Updated February 2022!
This quick guide summarizes the International Code of Marketing of Breast-milk Substitutes (The Code) and relevant resolutions of the World Health Assembly that help protect breastfeeding around the globe.
Combining intensive counseling by frontline workers with a nationwide mass media campaign has large differential impacts on complementary feeding practices but not on child growth: results of a cluster-randomized evaluation (Menon P., 2016. J of Nutr)
Complementary feeding (CF) contributes to child growth and development, but few CF programs are delivered at scale. Alive & Thrive (A&T) addressed this in Bangladesh through intensified interpersonal counseling (IPC), mass media (MM), and community mobilization (CM).
Implementing the Breast-Milk Substitutes Act in Bangladesh: Guidance for employers, media and health administrators
These three briefs explain the Bangladesh Breast-Milk Substitutes Act and what specific stakeholders - company owners, health administrators and the media - need to know about it.
Can complex programs be sustained? A mixed methods sustainability evaluation of a national infant and young child feeding program in Bangladesh and Vietnam (Moucheraud, C., 2020. BMC Public Health)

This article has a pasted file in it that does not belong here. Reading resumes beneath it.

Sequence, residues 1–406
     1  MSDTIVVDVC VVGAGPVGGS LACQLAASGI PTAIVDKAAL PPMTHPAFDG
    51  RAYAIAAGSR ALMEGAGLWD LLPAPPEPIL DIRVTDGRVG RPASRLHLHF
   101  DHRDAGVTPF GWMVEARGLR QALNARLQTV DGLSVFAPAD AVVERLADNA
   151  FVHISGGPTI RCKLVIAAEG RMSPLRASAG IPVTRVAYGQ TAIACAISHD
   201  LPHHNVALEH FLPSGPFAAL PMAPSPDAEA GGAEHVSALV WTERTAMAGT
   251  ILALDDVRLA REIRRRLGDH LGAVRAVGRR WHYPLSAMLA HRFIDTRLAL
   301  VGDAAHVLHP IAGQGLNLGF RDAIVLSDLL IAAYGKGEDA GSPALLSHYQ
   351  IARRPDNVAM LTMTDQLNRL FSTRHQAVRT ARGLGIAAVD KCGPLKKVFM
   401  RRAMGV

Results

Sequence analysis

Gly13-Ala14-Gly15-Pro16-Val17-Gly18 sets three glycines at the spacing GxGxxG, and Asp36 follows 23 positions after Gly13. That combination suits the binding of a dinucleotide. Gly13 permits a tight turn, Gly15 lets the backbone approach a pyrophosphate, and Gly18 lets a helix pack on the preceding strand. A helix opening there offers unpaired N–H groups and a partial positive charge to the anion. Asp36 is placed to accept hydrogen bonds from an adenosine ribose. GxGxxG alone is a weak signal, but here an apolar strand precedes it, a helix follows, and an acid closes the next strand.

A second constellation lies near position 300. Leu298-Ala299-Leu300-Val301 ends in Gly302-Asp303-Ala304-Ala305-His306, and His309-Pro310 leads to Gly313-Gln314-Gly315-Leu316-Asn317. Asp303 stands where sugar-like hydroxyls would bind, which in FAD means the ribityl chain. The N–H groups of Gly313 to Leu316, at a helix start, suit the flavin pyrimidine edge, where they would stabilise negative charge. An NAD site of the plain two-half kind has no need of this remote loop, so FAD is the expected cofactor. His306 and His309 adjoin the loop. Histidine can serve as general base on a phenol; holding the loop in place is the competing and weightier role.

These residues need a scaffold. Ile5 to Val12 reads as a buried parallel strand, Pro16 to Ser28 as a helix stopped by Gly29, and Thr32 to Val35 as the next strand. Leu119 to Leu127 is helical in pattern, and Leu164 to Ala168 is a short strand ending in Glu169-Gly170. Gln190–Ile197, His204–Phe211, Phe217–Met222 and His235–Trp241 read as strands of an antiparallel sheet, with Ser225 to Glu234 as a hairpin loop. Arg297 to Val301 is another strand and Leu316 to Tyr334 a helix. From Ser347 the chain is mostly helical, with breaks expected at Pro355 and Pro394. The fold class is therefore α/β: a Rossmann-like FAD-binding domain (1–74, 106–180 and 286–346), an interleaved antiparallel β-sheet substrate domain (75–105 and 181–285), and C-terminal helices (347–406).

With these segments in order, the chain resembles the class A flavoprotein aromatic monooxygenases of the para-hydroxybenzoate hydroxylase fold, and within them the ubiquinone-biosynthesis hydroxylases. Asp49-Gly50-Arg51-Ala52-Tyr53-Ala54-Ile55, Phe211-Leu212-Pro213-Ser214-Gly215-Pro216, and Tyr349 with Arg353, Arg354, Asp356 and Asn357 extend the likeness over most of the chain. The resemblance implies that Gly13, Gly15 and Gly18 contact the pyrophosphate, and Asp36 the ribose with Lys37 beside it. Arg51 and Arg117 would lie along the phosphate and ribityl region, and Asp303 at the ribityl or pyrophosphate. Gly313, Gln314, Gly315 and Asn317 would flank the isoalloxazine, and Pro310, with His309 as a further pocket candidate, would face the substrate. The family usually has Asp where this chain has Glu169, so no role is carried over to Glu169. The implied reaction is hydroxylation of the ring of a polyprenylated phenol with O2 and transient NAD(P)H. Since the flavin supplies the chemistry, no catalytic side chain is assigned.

This study evaluates the sustainability of activities introduced during A&T implementation (2009–2014) in Bangladesh and Vietnam, revealing that multiple activities, such as mass media campaigns, policy and advocacy activities, and social mobilization activities were integral to the program’s
Alive & Thrive's implementation research spans its program areas, seeking to answer "how" to implement effective interventions and policies. Active studies are detailed in the attached documents.
Infant and young child feeding (IYCF) practices in Ethiopia and Zambia and their association with child nutrition: analysis of demographic and health survey data
Data from the 2005 Ethiopia Demographic and Health Survey (EDHS) and the 2007 Zambia Demographic Health Survey (ZDHS) were analyzed to examine the association between recommended IYCF indicators and nutritional status among children 0-23 months of age in Ethiopia and Zambia.